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Derek Minor Tells His Story, Why He Became A Rap Artist, and How Rap Has Changed

Last week, our editor Maddy Agers had the chance to sit down with rap artist Derek Minor at a coffeehouse in Nashville, Tennessee called The Well. The Well is a great atmosphere with great coffee, and an even better ministry. It’s a nonprofit coffeehouse seeking to make money through the sales of coffee and related products for the very purpose of giving it away. Read more about The Well here!

Derek was a pleasure to talk to, and one of the kindest people we’ve met. This guy is the real deal! The night before, he won his first Dove Award for producing Lecrae’s album “Anomaly”. Be sure to share this if you like it and congratulate him on the Dove win.

TDB: Can you tell me a little about yourself?

Derek Minor: “My name is Derek Minor, and I am from Pontiac, Michigan. I actually grew up in a small town called Columbia, Tennessee. It’s right outside of Nashville, so I actually grew up in the area where the Doves are hosted. I grew up in a single parent home – my dad lived in Michigan, so it was just me, my mom, and my sister. My mom got married and then I had a step-dad. The crazy thing about my life growing up was that I had a crazy ‘best of both worlds’ situation where my mom was a devout Christian who loved the Lord, but then I grew up in this environment where my dad and step-dad were addicted to drugs. There was a lot of craziness, and for me life was a lot of good moments and a lot of bad moments, but it was dope.”

TDB: What made you want to be a rap artist, and did you have any rap inspirations early on that impacted you?

Derek Minor: “That’s a funny question! Growing up, my dad was a producer and an amazing jazz guitar player. He bought this keyboard called an ASR-10, and I remember this one summer – I think I was 12 years old – we were in the basement and he had this rapper. I think he was probably the worst rapper of all time, just horrible. Awful! He was free styling, and I was just like, ‘I think I can do this’ and just started rapping with these adult 26 year-old dudes and we just kept going back and forth free-styling. That’s what first ignited that passion for me. Every summer I would go back to Michigan and record songs with my dad – like two or three songs a day. That’s where I really kind of built my work ethic and just my passion for music.”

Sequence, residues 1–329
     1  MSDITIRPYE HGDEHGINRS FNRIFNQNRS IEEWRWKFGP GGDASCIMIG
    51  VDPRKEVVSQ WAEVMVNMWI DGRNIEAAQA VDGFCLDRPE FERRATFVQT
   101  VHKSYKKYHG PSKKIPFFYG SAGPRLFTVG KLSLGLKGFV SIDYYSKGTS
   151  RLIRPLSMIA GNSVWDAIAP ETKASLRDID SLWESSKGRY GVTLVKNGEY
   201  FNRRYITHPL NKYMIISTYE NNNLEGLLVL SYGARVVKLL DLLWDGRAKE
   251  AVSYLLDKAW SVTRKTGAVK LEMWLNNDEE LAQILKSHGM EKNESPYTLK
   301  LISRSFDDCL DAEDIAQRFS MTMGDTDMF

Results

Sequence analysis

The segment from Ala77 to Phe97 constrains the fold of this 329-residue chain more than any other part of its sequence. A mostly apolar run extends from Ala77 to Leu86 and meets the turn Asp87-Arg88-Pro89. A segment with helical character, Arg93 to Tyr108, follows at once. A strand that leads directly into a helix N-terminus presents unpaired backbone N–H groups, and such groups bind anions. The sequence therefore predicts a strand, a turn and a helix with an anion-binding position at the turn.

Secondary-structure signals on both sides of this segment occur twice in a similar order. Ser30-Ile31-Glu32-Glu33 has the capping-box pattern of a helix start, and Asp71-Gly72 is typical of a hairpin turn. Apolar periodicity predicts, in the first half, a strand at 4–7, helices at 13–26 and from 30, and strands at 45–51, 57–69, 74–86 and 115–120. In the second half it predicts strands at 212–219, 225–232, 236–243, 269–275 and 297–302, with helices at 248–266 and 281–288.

TDB: How did you get from being interested in rap to recording your first album?

Derek Minor: “I think at that moment when I was twelve, there was nothing else I wanted to do. So, for me it wasn’t ‘When will I make my first album’, it was ‘When will I get the resources to do that?’. I was running from studio to studio begging and borrowing, saying, ‘Can I get 35 dollars?’. Because back then, an hour in the studio was 35-40 dollars, so I really recorded my first album when I was probably 15. I recorded most of the beats off this little purple keyboard, and I was going from studio to studio. I made my first official album in 2009 though, because that first album was terribly whack. I hope there aren’t any demos of that anywhere. That was back in high school. There’s probably about three albums like that. Because when I was in high school, while everyone else was out doing the things normal teenagers do, I would be in my room. I had this little 8-track mixer, and I had this little purple keyboard, and I would just record song after song. And then, and this is so crazy, but back then when you burnt a CD you’d have to listen to the CD the whole way through to burn it – like a tape. So for days on end I would put a CD in and take a sticker I ran through my printer, stick it on the CD, and sell them in the hallways at school. All my friends would buy it and all the kids at school would buy it. I just was a little entrepreneur! I always looked up to people like Puff Daddy, Master P, and Rick Rueben and all those guys.”